Our degrees are designed with professional skills training embedded throughout all years to prepare you for the next step in your career.
Each year, you will complete a range of projects requiring you to work both in teams and individually. These projects are structured to help you develop your problem-solving skills, to become an effective communicator, and to make you a more well-rounded engineer by working inclusively and effectively with others of varying experience and backgrounds.
Project work takes various forms: some are associated with lab practicals, some are short in-module projects which rely on you using your skills to solve a defined problem, and some are longer, more open-ended projects with a higher degree of uncertainty and complexity. As a practicing engineer you will be up-skilled in problem solving, critically evaluating options and developing your own innovative approaches to progress projects.
In Years 1-3 you’ll undertake chemical engineering design projects. If you’re studying an integrated Masters (MEng, BEng) you’ll additionally complete a major individual research project in Year 4.
You’ll use your core training in process engineering to undertake an optioneering project to develop a chemical plant for a process or product of your choice, for example biodiesel, green ammonia or PET plastic bottle-to-bottle recycling. Through your decision-making you will demonstrate an understanding for process scale, supply chains, product use and its sustainability, as well as undertake a life cycle assessment so you can identify areas for improvement and implement appropriate abatement strategies to mitigate against any adverse impacts.
You’ll begin to apply all your core chemical engineering skills to undertake a quantitative design assessment around one part of a larger chemical plant. The project will involve material and energy balances where you will need to use appropriate data tables and make well-considered assumptions to determine the process demands. For example, you will use engineering calculations to design a heat exchanger to meet the heating requirement of the process, along with considering process materials and the design of process piping and pumps to complete the engineering design.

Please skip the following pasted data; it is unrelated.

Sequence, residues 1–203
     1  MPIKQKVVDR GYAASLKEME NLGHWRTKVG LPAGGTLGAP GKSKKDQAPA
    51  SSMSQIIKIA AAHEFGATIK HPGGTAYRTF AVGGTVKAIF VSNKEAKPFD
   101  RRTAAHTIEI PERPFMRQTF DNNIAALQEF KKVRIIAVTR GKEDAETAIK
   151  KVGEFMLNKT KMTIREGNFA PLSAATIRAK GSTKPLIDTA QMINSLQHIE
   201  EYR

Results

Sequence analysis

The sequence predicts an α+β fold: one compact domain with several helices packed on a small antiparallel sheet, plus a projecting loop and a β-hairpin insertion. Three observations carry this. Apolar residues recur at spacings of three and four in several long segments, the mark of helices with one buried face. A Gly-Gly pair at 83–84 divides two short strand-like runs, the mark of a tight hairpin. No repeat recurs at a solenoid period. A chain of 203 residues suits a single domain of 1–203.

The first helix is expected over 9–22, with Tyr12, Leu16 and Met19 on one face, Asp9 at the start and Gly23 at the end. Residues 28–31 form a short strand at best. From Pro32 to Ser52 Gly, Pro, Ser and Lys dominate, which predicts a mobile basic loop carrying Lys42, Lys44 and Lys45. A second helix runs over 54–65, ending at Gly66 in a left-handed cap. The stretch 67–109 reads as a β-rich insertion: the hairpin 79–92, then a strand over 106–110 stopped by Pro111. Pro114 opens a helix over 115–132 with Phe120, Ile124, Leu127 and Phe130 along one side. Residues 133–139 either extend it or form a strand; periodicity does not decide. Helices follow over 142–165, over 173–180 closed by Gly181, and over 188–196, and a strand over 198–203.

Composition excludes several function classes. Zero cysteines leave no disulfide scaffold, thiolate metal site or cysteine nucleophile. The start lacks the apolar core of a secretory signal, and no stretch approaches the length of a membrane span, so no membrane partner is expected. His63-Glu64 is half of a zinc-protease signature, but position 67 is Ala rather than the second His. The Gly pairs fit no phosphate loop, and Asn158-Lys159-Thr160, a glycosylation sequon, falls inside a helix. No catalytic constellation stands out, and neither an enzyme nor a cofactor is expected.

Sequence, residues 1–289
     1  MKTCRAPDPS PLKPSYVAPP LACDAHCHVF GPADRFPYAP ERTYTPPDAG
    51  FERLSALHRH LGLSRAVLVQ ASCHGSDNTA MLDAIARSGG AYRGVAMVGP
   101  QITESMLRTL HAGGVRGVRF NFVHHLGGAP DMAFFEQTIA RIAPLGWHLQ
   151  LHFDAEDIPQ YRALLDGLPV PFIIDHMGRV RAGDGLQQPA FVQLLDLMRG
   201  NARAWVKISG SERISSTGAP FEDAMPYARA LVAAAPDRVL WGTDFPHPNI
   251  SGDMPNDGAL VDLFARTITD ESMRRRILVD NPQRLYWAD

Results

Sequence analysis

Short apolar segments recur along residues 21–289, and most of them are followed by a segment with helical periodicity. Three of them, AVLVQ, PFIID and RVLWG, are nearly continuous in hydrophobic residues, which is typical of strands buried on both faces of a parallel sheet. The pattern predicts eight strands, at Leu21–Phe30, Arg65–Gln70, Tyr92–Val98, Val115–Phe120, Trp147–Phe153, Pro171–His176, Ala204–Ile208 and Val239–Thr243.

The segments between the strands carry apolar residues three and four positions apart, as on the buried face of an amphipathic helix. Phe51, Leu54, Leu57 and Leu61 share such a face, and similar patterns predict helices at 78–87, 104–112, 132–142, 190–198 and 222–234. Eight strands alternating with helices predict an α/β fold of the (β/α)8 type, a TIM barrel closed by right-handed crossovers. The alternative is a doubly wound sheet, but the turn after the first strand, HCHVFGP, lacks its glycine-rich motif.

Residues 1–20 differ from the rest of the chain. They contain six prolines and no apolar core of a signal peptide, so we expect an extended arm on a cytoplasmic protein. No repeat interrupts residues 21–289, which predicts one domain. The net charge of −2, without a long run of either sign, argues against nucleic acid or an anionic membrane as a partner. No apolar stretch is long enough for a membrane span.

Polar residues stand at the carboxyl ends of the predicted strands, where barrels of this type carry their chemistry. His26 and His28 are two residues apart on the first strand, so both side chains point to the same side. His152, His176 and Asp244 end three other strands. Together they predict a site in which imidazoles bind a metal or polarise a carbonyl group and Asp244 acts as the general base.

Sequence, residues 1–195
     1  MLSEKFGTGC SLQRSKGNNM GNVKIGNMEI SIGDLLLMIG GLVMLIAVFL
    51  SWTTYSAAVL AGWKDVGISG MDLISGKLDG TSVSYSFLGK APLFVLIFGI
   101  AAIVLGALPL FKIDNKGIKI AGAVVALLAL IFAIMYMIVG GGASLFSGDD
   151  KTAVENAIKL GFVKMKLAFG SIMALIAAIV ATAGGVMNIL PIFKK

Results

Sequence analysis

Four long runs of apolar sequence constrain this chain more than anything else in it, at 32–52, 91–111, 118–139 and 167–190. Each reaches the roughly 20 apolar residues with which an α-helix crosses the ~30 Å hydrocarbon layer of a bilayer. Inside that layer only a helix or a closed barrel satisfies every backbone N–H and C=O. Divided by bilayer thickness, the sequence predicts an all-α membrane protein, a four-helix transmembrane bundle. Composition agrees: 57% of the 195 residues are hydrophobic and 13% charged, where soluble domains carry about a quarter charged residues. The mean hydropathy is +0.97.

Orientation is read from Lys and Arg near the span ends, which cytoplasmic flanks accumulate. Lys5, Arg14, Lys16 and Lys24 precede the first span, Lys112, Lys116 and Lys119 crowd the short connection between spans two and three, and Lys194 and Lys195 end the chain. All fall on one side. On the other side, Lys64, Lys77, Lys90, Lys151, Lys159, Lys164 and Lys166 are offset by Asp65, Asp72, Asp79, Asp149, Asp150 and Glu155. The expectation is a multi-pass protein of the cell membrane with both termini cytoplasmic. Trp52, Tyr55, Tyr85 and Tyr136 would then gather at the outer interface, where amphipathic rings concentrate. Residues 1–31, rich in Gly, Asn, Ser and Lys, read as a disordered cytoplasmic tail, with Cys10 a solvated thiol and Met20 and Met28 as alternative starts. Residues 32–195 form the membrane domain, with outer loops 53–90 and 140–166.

Your third year project is your capstone module in design. Here you become a practicing chemical engineer, working in a team to undertake a full chemical plant design of a current or future industrially relevant process. Your design team will be mentored by design consultants who you will meet weekly to report on progress against the various aspects of design.
A series of lectures given by practicing chemical engineers and academics runs in parallel to the project, giving you an industrial perspective to the working methods used to solve everyday engineering problems. Beyond the engineering design, you will demonstrate your holistic approach to design, by considering a range of factors that are crucial to the principles of a modern chemical engineer such as sustainability, ethical and environmental issues, public perception and circular economy.
To assist in your chemical plant design training, you will manage your own continuing professional development portfolio so you can track your progress, giving yourself the confidence to take on the next level of design.
Year 4 (Integrated Masters) – Research Project
As part of your advanced training, you’ll complete an individual research project which will be supervised by one of our academics. You will be integrated into their research group and work in the leading research facilities in the School of Chemical and Process Engineering.
You’ll have the option to develop your own research project with an academic, giving you the opportunity to decide on the skills you want to develop for the next step in your career. Moreover, through the diverse range of projects offered, you’ll be able to develop either your experimental, computational or theory-based skills, with the added possibility of working on a project in collaboration with industry.
Your research project will be at the forefront of engineering science and so you’ll develop the skills needed to advance a project where there is significant uncertainty, where you will be required to propose new concepts and develop research methods to test a research hypothesis.
Your submitted work will be in the form of a research report and journal paper, helping you to build skills and develop confidence in communicating research findings in industry and academia.
Some examples of recent research projects include:
- Hydrogen from waste plastics
- Fate of engineered nanoparticles
- Particle collision and agglomeration in turbulent flows
- Integrating CCS in GHR technologies for clean hydrogen production
- Life cycle assessment of the production of biofuel blends from alcoholysis of biomass
- Concentrating dilute uranyl nitrate solutions following stripping from tributyl phosphate-based solvents
- Automated reaction engineering for future chemical processes
- Processing routes for recycling batteries for sustainable high value mineral recovery